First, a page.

Fourth Sunday of Lent
The parable of the father and his sons is one of the most familiar of all of Jesus’ stories. The father in the parable is lavish in forgiveness and revels in the return of his young son, who was lost and now is found. The older son is also lost—lost in his refusal to forgive, lost in his failure to grasp his father’s generous spirit. The Israelites spent many years lost in the desert, seeking the land of milk and honey, yet often failing to seek the God who delivered and fed them. We are sometimes lost as well. We lose sight of the Lord and the Lord’s ways. God never loses sight of us, however. God waits, ready for us to come to our senses, ready to welcome us back with open arms.
It is hard to admit how easily we get lost. We lose our way in the rush of tasks, meetings, and activities and get out of the habit of daily prayer, Sunday Mass, and service. We get caught up in the pursuit of material wealth, power, social status, and worldly success. We may be dismissive of people whose perspectives are different from our own. We become selfish and self-centered. We are blind to the needs of others, concerned solely with ourselves, our family, our small social circles. We get off track and for a while do not even realize we are lost. Like the young son in the parable, something has to happen to bring us back to our senses.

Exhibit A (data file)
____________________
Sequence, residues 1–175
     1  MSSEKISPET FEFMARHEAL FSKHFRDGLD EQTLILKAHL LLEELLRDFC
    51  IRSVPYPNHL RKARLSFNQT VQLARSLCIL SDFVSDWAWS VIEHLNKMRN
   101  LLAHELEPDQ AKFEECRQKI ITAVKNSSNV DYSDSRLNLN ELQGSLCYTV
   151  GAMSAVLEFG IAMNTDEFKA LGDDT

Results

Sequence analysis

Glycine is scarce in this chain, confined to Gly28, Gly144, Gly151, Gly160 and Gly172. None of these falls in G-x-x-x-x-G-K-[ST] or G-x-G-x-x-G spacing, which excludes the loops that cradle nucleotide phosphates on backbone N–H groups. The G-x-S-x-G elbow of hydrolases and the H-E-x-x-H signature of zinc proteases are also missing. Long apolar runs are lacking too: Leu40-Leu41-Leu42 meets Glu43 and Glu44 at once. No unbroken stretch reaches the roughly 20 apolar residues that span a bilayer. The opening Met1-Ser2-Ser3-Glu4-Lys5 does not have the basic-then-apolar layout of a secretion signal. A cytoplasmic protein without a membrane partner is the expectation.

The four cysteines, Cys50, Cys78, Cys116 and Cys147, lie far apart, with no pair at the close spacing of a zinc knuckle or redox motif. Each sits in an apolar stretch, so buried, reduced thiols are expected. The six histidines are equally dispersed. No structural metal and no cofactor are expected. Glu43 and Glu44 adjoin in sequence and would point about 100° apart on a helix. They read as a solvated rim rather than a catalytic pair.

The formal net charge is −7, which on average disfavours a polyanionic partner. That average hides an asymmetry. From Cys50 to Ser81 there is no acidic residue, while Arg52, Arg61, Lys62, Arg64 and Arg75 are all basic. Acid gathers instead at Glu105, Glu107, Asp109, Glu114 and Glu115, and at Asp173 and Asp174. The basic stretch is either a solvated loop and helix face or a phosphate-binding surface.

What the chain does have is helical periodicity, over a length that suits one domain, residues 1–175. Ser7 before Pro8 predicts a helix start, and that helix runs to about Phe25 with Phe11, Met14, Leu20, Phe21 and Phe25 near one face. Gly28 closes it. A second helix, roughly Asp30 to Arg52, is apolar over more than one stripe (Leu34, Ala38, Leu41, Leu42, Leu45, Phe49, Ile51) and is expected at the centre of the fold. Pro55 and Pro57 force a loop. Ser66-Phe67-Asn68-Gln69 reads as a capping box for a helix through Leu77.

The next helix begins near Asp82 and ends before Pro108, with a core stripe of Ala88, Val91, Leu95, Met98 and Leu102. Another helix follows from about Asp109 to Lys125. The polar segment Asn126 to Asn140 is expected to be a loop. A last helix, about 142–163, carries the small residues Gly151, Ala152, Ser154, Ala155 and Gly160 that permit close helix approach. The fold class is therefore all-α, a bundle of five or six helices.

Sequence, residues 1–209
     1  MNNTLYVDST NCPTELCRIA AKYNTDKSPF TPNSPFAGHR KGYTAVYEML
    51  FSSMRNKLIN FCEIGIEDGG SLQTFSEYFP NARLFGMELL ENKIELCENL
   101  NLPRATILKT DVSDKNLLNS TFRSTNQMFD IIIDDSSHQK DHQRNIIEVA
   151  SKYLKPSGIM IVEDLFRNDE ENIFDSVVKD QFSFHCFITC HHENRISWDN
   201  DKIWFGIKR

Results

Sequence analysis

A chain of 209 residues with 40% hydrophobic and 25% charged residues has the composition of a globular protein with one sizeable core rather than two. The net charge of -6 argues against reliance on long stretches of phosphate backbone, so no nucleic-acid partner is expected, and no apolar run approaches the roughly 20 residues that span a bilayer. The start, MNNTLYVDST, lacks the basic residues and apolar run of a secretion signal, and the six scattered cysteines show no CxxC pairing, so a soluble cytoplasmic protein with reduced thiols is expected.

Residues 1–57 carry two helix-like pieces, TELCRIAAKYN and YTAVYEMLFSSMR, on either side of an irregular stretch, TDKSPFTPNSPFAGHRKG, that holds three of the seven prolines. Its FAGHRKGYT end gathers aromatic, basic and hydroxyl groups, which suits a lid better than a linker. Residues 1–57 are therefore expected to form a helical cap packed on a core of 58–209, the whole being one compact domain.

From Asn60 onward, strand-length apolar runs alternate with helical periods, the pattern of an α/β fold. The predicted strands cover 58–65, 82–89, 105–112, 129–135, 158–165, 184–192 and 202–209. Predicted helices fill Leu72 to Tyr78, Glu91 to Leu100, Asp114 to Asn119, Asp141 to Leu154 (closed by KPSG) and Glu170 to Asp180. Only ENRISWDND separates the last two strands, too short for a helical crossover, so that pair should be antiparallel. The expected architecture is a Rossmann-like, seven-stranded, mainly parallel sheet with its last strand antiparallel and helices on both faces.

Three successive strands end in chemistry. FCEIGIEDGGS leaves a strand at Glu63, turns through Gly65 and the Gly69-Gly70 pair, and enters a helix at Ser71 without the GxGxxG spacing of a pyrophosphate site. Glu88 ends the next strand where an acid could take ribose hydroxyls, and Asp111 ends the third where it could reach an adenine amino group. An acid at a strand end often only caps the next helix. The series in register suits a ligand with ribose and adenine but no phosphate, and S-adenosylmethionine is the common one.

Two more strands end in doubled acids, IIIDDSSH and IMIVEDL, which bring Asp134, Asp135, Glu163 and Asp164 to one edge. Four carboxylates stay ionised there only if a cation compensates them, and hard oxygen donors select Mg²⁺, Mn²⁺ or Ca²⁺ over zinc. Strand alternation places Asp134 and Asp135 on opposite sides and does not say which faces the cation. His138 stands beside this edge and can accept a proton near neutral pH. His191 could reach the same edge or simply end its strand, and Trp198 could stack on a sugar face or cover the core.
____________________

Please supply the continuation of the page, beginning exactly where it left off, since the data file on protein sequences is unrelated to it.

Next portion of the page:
The young son “hit bottom” and made his way home. The Israelites learned to trust in and follow God and entered the Promised Land. We are found the moment we realize we are lost and begin our journey back to the Lord. Jesus not only shows us the way, Christ is our way home to God. Our homeward path is often an examination of conscience, by which we search our hearts and recognize our failings. We may need to make amends to those whom we have hurt; we might be called to a change of attitude or behavior. Are you lost? Now is the perfect time to open your mind and heart, and admit that you have lost your way. Lent is a season when we admit the ways that we are missing the mark and return to God. Often, we do so through the sacrament of Reconciliation, in which we confess our sins, are given penance, and accept Christ’s warm embrace of forgiveness.
Today’s Readings: Jos 5:9a, 10–12; Ps 34:2–3, 4–5, 6–7; 2 Cor 5:17–21; Lk 15:1–3, 11–32
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